What I found is that immediately after washing with a “moisturizing” product, the skin feels soft – just as it feels soft right after washing with water or moisturizing with a creamy, absorbed moisturizer – but if I only used that product (which I was fastidious about doing while I tried each soap), over time, my hands became horribly dry. It happened over and over again with different “moisturizing” products, the opposite of what I expected.

    The surprise came when I got fed up with how dry my hands were from one product and just went back to my regular soap before my “trial” was over. My hands went back to normal almost immediately, far faster than could be explained by the typical view of how they became dry and how they might have normalized. I was able to repeat this with other products – which led to the lightbulb moment.

    I describe this in my talk – water, alone, a small layer of water on the skin, increases the permeability. Not enough to create eczema, but enough that if one, say, doesn’t dry the skin well enough after washing in the winter (with all the dry air), the hands chap. Increased permeability leads to water loss, leads to dry skin. I warn about absorbed, creamy (what I call “emollient”) moisturizers in my site, in part because they seem to create these same conditions. The skin feels more hydrated immediately after applying – just as it does with small amounts of water, right in the moment – but over time, the skin loses water (among other things). I think this is what is happening with very “moisturizing” soaps. (By the way, this is also why I recommend drying well, with a soap-washed towel, after a shower, NOT patting lightly and moisturizing over too much water – the opposite of the traditional recommendation.)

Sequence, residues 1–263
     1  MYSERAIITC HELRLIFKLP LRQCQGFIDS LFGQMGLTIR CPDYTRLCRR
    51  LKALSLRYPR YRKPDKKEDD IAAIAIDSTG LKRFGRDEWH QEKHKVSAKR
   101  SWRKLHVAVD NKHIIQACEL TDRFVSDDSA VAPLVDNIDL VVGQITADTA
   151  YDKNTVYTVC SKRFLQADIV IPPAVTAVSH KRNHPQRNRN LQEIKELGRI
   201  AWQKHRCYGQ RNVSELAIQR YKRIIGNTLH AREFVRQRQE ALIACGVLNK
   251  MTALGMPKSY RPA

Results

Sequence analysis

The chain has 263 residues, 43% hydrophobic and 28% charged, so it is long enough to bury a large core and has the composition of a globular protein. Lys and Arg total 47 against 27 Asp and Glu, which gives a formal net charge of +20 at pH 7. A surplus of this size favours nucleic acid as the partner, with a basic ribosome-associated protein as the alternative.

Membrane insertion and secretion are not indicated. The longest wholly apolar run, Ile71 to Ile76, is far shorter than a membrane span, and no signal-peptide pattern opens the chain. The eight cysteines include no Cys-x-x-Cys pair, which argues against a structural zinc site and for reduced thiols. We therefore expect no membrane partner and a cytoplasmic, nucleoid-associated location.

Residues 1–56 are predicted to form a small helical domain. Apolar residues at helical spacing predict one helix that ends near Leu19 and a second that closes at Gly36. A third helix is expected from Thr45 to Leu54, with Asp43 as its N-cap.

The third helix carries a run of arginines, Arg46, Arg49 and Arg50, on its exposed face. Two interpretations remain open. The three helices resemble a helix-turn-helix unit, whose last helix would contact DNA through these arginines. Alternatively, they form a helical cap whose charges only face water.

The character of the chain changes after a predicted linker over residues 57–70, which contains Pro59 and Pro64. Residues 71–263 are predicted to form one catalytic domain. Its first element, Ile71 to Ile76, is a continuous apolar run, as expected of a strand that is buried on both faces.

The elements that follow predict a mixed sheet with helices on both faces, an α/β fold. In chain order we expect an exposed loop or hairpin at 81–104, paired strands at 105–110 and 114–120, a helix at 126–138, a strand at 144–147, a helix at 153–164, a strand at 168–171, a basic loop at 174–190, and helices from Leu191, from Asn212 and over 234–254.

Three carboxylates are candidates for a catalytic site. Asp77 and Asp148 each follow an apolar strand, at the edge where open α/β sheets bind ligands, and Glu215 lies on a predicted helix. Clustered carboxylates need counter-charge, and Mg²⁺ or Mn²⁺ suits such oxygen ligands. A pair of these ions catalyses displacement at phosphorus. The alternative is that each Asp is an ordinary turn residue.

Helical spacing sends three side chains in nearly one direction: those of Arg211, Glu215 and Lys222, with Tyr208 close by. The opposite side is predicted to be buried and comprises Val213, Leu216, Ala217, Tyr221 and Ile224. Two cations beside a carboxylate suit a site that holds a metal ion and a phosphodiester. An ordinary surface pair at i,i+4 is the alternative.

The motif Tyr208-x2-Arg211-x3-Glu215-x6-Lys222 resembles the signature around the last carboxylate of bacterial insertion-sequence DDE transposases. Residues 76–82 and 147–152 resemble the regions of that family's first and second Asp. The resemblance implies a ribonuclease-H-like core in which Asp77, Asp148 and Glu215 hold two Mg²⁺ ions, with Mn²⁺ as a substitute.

I’m not saying some moisturizing ingredients aren’t good or are always going to create these conditions. One of the most lovely soaps I have ever used is the Luxo Banho Creme, which has sweet almond oil in it. But overusing moisturizing ingredients – which results in the kinds of products that make the skin/hands feel very moisturized immediately following usage, perhaps to the point that they don’t even feel clean – seems to create the conditions that lead to water loss over time and dry skin. The Luxo Banho – and every soap I have used that I consider the best – leaves the skin feeling clean and normal, not overly moisturized. On the other end of the spectrum, I think soaps can be drying if saponification is too complete and the end result may thus be far too alkaline – there’s a couple of products where I believe that may be the case – but that’s just a guess.

   Sadly, people with dry skin buy the “moisturizing” products which are in turn going to make their dryness worse, and assume it’s about their skin, not the products they are using!